LITERATURE REVIEW This paper reviews previous researches concerning the factors behind road traffic accidents with an emphasis on the interaction between the human and non human components of the road environment. This interaction is influenced by the knowledge the road user has about appropriate behaviour while interacting with traffic. Here, researches addressing the knowledge of road user and their actual behaviour on the roadway will be reviewed to obtain a better understanding of the relationship between the two issues. Factors Behind Road Accidents Over the years there have been many studies regarding the factors underlying road accidents. In a 1985 study K. Rumar found that 57% of British and American crashes attributed to only driver factors, 27% to roadway and driver factors combined, 6% to vehicle and driver factors, 3% to only roadway factors, 3% to combined roadway, driver, and vehicle factors, 2% to vehicle factors, and 1% to combined roadway and vehicle factors (Lum and Reagan 1994). So in effect

1

Observation surveys were done in selected road intersections. In total, 3841 people’s crossing behaviour was observed and noted during this research. 2 Pedestrians from the selected survey locations were selected and in five sites, a total 125 people were interviewed in detail 3 In Postagola crossing, 77.8% accidents. 4 In Manik Mia Avenue-Indira Road intersection with 7.3% accident rate. 5 Three other locations were also selected which have pedestrian accident rates in the intermediate range of the data distribution. These locations are: Mouchak crossing with pedestrian accident rate of 32.3%, Minto Road - Kazi Nazrul Islam Avenue intersection with 28.1% and Green Road - Mirpur Road intersection with 36.4% pedestrian accident rates. These sites were selected in order to understand the pedestrian behaviour scenario of the average intersection in the city. All of these locations are distant enough for each other, and they do not influence one another’s traffic behaviour significantly.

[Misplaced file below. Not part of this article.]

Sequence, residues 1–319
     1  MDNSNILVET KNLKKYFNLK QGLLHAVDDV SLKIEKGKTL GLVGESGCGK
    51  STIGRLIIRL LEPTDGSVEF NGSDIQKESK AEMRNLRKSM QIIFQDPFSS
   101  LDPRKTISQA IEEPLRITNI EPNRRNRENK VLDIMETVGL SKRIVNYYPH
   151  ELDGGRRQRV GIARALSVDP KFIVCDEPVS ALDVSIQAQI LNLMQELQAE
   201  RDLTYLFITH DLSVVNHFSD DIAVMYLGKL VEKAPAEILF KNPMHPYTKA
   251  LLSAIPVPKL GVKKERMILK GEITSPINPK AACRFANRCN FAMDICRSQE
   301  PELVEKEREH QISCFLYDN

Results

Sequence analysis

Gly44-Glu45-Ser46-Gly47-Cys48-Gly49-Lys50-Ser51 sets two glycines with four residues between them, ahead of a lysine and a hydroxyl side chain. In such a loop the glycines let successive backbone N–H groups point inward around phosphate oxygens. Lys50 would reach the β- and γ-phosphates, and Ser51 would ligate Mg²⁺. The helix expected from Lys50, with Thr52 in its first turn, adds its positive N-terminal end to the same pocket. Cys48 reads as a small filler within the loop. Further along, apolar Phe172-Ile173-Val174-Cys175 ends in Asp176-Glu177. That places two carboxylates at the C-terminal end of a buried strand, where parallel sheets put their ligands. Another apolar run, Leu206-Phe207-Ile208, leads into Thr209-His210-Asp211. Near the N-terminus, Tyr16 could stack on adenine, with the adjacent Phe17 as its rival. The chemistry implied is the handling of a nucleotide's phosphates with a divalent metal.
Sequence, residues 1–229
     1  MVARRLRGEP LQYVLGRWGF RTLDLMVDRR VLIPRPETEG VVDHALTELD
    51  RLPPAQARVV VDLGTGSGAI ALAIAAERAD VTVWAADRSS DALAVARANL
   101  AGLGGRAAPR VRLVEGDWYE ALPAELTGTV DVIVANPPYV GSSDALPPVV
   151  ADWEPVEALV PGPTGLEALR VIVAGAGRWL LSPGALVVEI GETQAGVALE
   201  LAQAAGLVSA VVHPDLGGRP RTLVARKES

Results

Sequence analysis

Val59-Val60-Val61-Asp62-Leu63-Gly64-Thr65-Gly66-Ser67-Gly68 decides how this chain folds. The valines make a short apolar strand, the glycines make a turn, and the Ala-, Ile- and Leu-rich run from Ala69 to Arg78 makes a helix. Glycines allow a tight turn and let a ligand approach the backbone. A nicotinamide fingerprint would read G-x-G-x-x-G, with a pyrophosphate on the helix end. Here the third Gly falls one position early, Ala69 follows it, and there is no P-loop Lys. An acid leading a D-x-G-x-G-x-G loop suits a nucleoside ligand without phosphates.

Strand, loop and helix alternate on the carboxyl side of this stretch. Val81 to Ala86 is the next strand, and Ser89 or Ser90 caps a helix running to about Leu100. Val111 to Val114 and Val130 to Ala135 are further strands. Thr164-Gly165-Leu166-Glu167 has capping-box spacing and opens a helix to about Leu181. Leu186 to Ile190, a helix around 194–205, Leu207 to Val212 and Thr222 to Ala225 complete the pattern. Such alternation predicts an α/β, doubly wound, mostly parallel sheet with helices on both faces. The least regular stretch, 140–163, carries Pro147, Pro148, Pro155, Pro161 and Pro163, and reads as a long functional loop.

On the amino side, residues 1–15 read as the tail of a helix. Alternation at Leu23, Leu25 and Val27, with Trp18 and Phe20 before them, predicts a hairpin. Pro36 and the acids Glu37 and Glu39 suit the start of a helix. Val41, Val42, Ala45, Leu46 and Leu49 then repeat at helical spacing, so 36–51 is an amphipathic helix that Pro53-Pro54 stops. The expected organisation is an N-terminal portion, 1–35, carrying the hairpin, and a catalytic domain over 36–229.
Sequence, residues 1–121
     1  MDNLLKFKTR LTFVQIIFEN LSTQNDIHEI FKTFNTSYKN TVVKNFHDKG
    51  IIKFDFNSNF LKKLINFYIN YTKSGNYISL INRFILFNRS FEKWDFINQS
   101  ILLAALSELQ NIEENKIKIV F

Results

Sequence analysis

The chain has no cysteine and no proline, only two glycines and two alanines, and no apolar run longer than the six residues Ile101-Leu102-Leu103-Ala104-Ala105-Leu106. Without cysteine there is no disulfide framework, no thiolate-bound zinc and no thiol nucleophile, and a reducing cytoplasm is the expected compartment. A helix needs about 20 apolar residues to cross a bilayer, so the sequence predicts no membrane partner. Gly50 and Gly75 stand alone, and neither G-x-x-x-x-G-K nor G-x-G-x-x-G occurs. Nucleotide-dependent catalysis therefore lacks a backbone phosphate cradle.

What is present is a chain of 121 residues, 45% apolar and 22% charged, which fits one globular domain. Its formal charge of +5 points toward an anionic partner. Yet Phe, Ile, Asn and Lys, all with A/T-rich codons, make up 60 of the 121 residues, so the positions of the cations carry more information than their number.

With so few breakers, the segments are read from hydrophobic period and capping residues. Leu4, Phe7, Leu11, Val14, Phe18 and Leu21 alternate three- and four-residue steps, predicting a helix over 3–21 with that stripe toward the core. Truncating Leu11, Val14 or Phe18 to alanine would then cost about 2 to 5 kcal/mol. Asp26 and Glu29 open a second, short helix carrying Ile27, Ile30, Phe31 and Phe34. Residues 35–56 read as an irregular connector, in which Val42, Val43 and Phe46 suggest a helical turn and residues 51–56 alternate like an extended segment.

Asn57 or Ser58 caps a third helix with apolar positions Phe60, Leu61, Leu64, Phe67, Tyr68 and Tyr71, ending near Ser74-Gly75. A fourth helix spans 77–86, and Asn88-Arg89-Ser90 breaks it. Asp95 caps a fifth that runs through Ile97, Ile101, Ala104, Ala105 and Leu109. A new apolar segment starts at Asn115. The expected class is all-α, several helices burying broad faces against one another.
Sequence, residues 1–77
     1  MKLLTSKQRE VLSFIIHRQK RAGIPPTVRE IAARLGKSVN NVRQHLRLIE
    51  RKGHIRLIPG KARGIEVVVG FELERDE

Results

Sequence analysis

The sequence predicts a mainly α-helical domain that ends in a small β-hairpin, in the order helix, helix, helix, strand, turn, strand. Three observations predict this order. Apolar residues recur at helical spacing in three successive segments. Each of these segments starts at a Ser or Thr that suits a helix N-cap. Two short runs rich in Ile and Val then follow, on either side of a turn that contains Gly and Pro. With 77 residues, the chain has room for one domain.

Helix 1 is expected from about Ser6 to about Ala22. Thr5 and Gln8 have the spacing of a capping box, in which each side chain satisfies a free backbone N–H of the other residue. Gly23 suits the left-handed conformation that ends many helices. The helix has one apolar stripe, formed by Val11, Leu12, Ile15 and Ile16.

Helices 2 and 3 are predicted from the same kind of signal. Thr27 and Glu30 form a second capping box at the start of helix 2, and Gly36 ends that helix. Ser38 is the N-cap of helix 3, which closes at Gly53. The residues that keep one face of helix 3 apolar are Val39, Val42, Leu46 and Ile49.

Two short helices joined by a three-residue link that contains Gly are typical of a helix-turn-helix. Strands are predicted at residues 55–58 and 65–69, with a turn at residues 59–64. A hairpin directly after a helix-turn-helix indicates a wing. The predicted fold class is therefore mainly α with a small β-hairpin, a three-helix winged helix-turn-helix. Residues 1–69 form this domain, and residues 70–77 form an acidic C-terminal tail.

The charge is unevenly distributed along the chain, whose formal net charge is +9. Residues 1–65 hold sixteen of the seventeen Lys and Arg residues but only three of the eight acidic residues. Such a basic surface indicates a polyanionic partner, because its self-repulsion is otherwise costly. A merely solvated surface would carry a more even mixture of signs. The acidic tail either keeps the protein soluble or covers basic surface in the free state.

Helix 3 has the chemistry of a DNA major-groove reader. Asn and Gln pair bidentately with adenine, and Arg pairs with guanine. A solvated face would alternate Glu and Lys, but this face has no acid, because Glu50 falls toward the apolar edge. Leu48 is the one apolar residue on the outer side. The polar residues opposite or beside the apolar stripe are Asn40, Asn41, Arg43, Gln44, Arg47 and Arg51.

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human factors and driver factors contributed to almost 80% of all road accidents. In 1999 Retting et. al deduced that almost 40% of motor accidents occur at intersections. In 2011, the Department of Transport in Great Britain published a summary of contributing factors to road traffic accidents. These contributing factors were divided in nine specific categories, which are road environment contributed, vehicle defects, injudicious action, driver/rider error or reaction, impairment or distraction, behaviour or inexperience, vision affected by the external factors, pedestrian only factors (casualty or uninjured) and special codes. From 2005 to 11, driver error was the category most reported, almost 72% of all accident reports. Behaviour or inexperience was the second most reported with 24%. In 2001, a study by Haque and Mahmud on the road safety challenges in Bangladesh identified both road environment related and behavioural problems underlying the high rates of traffic accidents in Bangladesh. Pedestrian Behaviour In 2010, a study was conducted (Cinnamon et. al 2010) at high risk pedestrian injury intersections in Vancouver, Canada. Violations of road regulations by both pedestrians and motorists were recorded by a team of observers at different periods of the day. In total for all observed intersections, over 2000 (21%) pedestrians committed one of the observed pedestrian road-crossing violations, while approximately 1000 (5.9%) drivers committed one of the observed motorist violations. Great variability in road-rule violations was observed between intersections, and also within intersections at different observation periods. In a 2012 study, Kourtellis attempted to measure the unsafe pedestrian behaviour through observational research in South Florida. The risk behaviours considered in the study included the pedestrian crossing during traffic signal green time, not crossing in perpendicular direction to street, Jay-walking or crossing the road diagonally, not using the sidewalk and walking on the roadway, using cell phone or other electronic device during crossing among others. To understand if age has impacts on street crossing decisions, two experiments were conducted by Lobjois and Cavana in 2007. Results showed that when there was a time constraint all age groups selected a shorter time gap for higher speed of vehicles, leading to many unsafe decisions. In the second experiment there was no time constraint implied, the younger group operated in constant time regardless of speed, while older pedestrians accepted longer time gaps as vehicle speeds increased. A 2006 research by Martin showed that pedestrians or drivers distracted by the use of mobile phones show high unsafe crossing behaviour. Art Kramer and his colleagues found in 2009 that young and old pedestrians are not affected extremely while listening to music. In his study, participants crossed a virtual street while talking on the phone or listening to music. Users of hands-free cell phones, however, took longer to cross the same street under the same conditions and were more likely to get run over. In 2012, a study was conducted in Edinburgh, UK (Havard and Willis, 2012) to investigate pedestrian road crossing behaviour before and after installation of a marked crosswalk. The observational and questionnaire surveys indicated that pedestrians were more prone to use the marked location to cross the road and walked more slowly after the zebra had been installed compared to the previous scenario. Results also suggested they felt safer and less vulnerable to traffic and more confident. However, not many researches have been undertaken in the developing country context. In 2010, a survey was conducted in Delhi to evaluate risk perceptions by pedestrians while crossing the roads at intersections. Among 250 pedestrians, only 17% considered the crossing to be safe. Two thirds of the survey participants said that they wait for the